I'm a big fan of the short stories of Joyce Carol Oates, masterpieces such as "Haunted", "Wild Saturday", "Where Have You Been , Where Are you Going " are stories that I've enjoyed rereading many times and they still fascinate me. That's why I was so disappointed by this collection, many of the stories read more like ideas for stories and not even first drafts. The premise for the title story, the shared experiences and interplay of Marilyn Monroe and Elizabeth Short, should have been developed by such a skilled writer as Oates in to a dark, haunting tale about the seedy underbelly of 1940s Hollywood. Instead we just get disjointed , unimaginative monologues from the three protagonists : Elizabeth Short ( murder victim ), Marilyn Monroe and KK a "glamour" photographer who preyed on would-be starlets. Everything is just left hanging in the ether with no developing plot and no interaction between the characters . Even worse for an admirer of Monroe, Oates portrays Monroe as a cross between Stan Laurel and Betty Boop " OOOh Gee golly". She did the same in her novel " Blonde ". Oates obviously still doesn't get Marilyn Monroe and fails to seperate the woman, Norma-Jean from the beautiful screen image which was her creation , just as Oates magnificient ( usually ) short stories are her creations. This is why " Black Dahlia & White Rose " reads more like a cartoon of sterotypes than a short story.
As for the rest of the stories in this collection, many of them seem to me to be rewrites of her earlier stories which she did much better first time round.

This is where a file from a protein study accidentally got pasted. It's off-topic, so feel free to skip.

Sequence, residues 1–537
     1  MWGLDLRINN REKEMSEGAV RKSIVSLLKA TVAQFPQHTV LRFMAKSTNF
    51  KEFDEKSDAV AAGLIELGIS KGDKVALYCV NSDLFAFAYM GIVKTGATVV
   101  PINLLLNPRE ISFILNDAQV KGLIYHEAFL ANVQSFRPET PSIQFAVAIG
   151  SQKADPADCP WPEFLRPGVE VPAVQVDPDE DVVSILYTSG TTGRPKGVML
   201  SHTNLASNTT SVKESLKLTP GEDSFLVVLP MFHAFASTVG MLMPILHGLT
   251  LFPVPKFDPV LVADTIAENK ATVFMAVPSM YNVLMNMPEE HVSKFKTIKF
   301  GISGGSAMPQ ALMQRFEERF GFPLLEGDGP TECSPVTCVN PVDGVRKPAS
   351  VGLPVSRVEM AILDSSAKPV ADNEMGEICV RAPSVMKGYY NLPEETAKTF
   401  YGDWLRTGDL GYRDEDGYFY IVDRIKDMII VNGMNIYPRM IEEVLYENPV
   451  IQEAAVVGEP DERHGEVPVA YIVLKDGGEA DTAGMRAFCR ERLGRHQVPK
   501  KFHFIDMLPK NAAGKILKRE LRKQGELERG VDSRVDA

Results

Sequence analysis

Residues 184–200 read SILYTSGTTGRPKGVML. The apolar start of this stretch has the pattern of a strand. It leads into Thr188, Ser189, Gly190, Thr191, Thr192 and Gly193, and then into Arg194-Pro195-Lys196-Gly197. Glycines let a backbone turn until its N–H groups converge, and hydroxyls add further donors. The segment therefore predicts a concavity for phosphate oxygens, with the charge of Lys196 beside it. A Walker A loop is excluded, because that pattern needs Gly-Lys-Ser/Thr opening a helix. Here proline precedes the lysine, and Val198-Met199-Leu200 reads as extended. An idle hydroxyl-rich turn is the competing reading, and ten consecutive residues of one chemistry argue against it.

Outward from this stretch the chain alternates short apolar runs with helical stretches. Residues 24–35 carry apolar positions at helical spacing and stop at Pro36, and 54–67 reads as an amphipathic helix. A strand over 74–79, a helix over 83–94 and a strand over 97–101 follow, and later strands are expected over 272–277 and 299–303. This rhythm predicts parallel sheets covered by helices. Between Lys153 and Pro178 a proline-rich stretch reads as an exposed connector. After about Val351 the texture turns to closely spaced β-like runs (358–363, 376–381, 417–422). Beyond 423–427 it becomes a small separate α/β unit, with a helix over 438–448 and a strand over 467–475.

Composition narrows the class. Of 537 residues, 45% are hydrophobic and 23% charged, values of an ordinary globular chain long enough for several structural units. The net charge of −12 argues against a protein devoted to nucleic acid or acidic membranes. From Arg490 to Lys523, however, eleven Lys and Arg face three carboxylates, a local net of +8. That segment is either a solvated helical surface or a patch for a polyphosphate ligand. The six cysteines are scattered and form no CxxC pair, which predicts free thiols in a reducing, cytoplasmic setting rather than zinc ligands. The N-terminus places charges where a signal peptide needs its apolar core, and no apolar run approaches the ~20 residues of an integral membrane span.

Unlike one of the reviewers, I think this is one of the *better* recently published story collections by Joyce Carol Oates, who, as I had written elsewhere, to my mind, nowadays often writes at a "leapfrog" quality level, i.e. very good, quite bad, very good and so on. I prefer it to Evil Eye, Lovely, Deep, Dark and High Crime Area. Good writing and no loss of control or dilution of suspense.
Black Dahlia & White Rose: Stories is an intriguing collection that not only tells stories, but make us ponder them and hold our breaths as we turn every page. Boundaries are made invisible, ideas are tested, stereotypes are rendered meaningless and the wideness of man's soul is revealed. A friend suggested I read this story and The Sweetest Madness; and henceforth, I will start taking his choices seriously, especially of short stories.
I am one of JCO's biggest fans and enjoy reading whatever she writes, however this seemed to be less book for the money ,i.e. was read very quickly and also, surely too much of it is available to read on the 'look inside' feature. Good cover design but extremely annoying to handle as the inner flaps curl firmly outwards as soon as the book is opened and maintain a life of their own.